With the new CBA in place, Major League Baseball can go ahead with free agency. The GM meetings came and went, and players are beginning to sign big contracts. Yoenis Cespedes, the best hitter on the market, quickly signed with the New York Mets for four years at $110 million. It looks like a good deal right now. But these deals don’t always work out like everyone thinks they will. Here are the 27 worst free agent deals in MLB history.
27. Andruw Jones — Los Angeles Dodgers
In the offseason prior to 2008, Andruw Jones was coming off a season in which he hit .222 with 26 home runs and 94 RBI in 154 games for the Atlanta Braves. It wasn’t the best season of his career, or even close to the best for that fact. However, the 31-year-old was stilled viewed as highly valuable. The Los Angeles Dodgers gave him a two-year contract worth roughly $36 million. Jones was injured in 2008, getting into just 75 games and hitting .158 with three home runs. The Dodgers released him after the year, essentially paying him $36 million for nothing.
26. Kevin Millwood — Texas Rangers
In 2005, Kevin Millwood had a great season for the Cleveland Indians; he led the American League with a 2.86 ERA in 192 innings pitched. That earned him a five-year $60-million contract in the offseason with the Texas Rangers, who were desperate for some decent starting pitching. Millwood couldn’t supply them with any, however. Over four years with the Rangers, the right-hander posted a 4.57 ERA in 755 innings. Texas eventually traded him to the Baltimore Orioles for the final year of his deal. He finished with a 5.10 ERA in 190 2/3 innings.
25. Todd Hundley — Chicago Cubs
From 1995-2000, Todd Hundley was one of the best offensive catchers in Major League Baseball. Over that time, he posted a .860 OPS with 137 home runs despite spending a large chunk of two seasons on the disabled list. He even hit 41 home runs for the New York Mets in 1996. This prompted the Chicago Cubs to give Hundley a four-year deal worth $23.5 million. But he again struggled to stay healthy. Hundley played in just 171 games over two seasons with Chicago. Even worse, he hit just .199 with 28 home runs and a .684 OPS before being traded to the Los Angeles Dodgers.
24. Oliver Perez — New York Mets
After coming off two consecutive quality seasons as a healthy starting pitcher, the New York Mets rewarded left-hander Oliver Perez with a three-year $36-million free agent contract. Unfortunately for New York, Perez started just 21 games in three seasons. He posted a 6.81 ERA in 112 1/3 innings and missed the 2011 season in its entirety. Even worse, he’d end up having a nice career as a reliever after signing with the Seattle Mariners in 2012.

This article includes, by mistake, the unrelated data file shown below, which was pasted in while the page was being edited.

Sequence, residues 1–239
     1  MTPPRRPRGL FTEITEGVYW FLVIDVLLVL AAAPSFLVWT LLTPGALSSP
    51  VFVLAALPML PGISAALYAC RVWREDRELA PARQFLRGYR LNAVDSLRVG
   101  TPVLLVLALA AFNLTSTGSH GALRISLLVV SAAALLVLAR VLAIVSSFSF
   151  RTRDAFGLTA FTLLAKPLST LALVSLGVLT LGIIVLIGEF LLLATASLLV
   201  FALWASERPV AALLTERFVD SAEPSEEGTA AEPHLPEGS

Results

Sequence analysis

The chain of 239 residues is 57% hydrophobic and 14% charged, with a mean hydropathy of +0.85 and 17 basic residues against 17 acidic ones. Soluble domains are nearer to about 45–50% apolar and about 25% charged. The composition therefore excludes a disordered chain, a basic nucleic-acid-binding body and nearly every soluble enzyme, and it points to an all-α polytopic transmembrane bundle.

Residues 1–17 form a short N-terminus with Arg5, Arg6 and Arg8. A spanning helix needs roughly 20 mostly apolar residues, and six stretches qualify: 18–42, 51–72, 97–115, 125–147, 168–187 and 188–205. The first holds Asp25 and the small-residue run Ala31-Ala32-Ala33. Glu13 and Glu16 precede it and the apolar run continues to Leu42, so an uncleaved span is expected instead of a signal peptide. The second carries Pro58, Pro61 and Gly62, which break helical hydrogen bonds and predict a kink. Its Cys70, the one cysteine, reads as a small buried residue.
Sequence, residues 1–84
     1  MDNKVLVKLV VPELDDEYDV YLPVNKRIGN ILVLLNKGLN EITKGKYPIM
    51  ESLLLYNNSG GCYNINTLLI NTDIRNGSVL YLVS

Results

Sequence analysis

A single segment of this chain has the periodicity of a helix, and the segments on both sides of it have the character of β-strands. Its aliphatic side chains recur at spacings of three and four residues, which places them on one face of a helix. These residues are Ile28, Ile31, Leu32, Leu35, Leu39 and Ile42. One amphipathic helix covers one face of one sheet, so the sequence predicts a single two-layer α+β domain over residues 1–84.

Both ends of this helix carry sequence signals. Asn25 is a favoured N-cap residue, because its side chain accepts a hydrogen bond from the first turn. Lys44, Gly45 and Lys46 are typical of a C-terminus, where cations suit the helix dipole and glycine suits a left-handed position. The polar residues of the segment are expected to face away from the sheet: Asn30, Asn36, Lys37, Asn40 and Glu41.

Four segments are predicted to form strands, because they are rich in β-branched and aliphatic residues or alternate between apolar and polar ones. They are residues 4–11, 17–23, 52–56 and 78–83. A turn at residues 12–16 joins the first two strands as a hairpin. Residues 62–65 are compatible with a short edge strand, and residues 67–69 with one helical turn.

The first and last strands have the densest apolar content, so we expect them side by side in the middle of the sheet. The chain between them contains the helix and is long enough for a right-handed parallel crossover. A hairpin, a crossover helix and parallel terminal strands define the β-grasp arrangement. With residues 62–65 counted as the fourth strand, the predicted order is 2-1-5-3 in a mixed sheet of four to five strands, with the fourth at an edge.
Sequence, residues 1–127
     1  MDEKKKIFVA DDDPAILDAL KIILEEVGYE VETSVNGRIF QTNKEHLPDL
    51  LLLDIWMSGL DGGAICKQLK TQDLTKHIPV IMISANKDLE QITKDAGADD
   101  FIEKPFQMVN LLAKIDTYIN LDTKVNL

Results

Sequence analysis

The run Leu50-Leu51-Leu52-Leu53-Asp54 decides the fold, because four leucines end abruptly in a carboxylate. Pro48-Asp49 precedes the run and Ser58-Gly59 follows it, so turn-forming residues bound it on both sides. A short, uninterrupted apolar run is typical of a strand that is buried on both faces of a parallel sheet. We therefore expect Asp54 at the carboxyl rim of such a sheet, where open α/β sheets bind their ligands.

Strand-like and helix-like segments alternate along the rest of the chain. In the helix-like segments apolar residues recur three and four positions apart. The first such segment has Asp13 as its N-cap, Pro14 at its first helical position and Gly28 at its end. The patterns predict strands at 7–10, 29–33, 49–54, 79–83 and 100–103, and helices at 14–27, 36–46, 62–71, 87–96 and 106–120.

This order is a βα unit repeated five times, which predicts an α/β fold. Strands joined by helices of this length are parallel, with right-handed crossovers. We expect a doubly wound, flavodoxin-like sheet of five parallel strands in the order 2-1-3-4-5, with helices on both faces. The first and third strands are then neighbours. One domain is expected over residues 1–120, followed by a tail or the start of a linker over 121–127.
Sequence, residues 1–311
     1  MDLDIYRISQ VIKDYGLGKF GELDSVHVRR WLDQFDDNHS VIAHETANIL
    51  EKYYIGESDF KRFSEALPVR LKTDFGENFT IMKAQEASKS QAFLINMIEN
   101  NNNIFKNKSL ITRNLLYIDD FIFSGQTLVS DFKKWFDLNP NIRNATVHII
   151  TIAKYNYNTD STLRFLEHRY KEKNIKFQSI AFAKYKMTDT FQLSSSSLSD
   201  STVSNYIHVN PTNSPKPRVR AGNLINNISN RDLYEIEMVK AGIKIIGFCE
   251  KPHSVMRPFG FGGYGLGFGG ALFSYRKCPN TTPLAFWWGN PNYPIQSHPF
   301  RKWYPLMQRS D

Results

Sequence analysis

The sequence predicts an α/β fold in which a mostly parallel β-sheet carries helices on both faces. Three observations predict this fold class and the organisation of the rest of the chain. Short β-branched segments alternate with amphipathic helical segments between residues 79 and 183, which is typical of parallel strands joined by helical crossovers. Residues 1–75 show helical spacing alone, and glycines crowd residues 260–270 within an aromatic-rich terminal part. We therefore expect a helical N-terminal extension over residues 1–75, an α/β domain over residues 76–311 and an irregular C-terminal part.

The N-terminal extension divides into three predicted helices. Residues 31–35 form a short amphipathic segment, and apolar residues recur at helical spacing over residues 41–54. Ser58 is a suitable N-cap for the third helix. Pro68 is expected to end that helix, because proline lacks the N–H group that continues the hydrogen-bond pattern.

23. Chone Figgins — Seattle Mariners
In 2009, utility man Chone Figgins made his first All-Star team at the age of 31, hitting .298 with 42 stolen bases and an American League-best 101 walks. That earned him a four-year $36-million free agent contract with the Seattle Mariners that winter. Then his production dropped off a cliff. Over the next three seasons with the Mariners, Figgins played in just 308 games with a slash line of .227/.302/.283 with four home runs and 57 stolen bases. He sat out the 2013 season before attempting a brief comeback in 2014.
22. Alfonso Soriano — Chicago Cubs
The Chicago Cubs were desperate to spend some money and put together a decent team in the offseason prior to 2007. So, they bid against themselves for outfielder Alfonso Soriano. The end result was an eight-year $136-million contract that had a full no-trade agreement. Soriano was excellent in his first two seasons for the Cubs, helping lead them to back-to-back division championships. But his performance dropped off after that. Soriano compiled just 1.9 WAR over the final six seasons on his contract.
21. Zack Greinke — Arizona Diamondbacks
It’s probably too soon to judge, but the sheer numbers on the contract Zack Greinke signed with the Arizona Diamondbacks qualify it for this list. Coming off a season in which he led the National League with a 1.66 ERA, the 32-year-old pitcher signed a six-year $206.5-million contract with the D-backs. He battled injuries and only made 26 starts in his first year with Arizona, with a 4.37 ERA in 158 2/3 innings. He could return to form. However, at 33, with five years left on the deal, it’s hard to see this ending as a win.
20. Daisuke Matsuzaka — Boston Red Sox
Originally signed by the Boston Red Sox after a successful career in Japan, Daisuke Matsuzaka never met up to the hype that surrounded him and his “gyro-ball” pitch. He had one decent year in Boston, posting a 2.90 ERA in 2008 but also walking far too many batters — 5.0 BB/9. Overall, Matsuzaka threw just 668 1/3 innings over five seasons with the Red Sox and had a 4.52 ERA. Not exactly what they expected to get when they invested a total of $102.6 million (counting the $51 million posting fee).
19. Chan Ho Park — Texas Rangers
In 2001, right-handed starting pitcher Chan Ho Park had a 3.50 ERA in 234 innings and 35 starts for the Los Angeles Dodgers, making his first All-Star team at the age of 28. That offseason, the Texas Rangers gave Park a five-year $65-million contract to be the ace of their staff. It didn’t quite work out that way. Park started just 32 games over the first two seasons of his Rangers career, and finished his time in Texas with 380 2/3 innings pitched and a 5.79 ERA over the course of four seasons.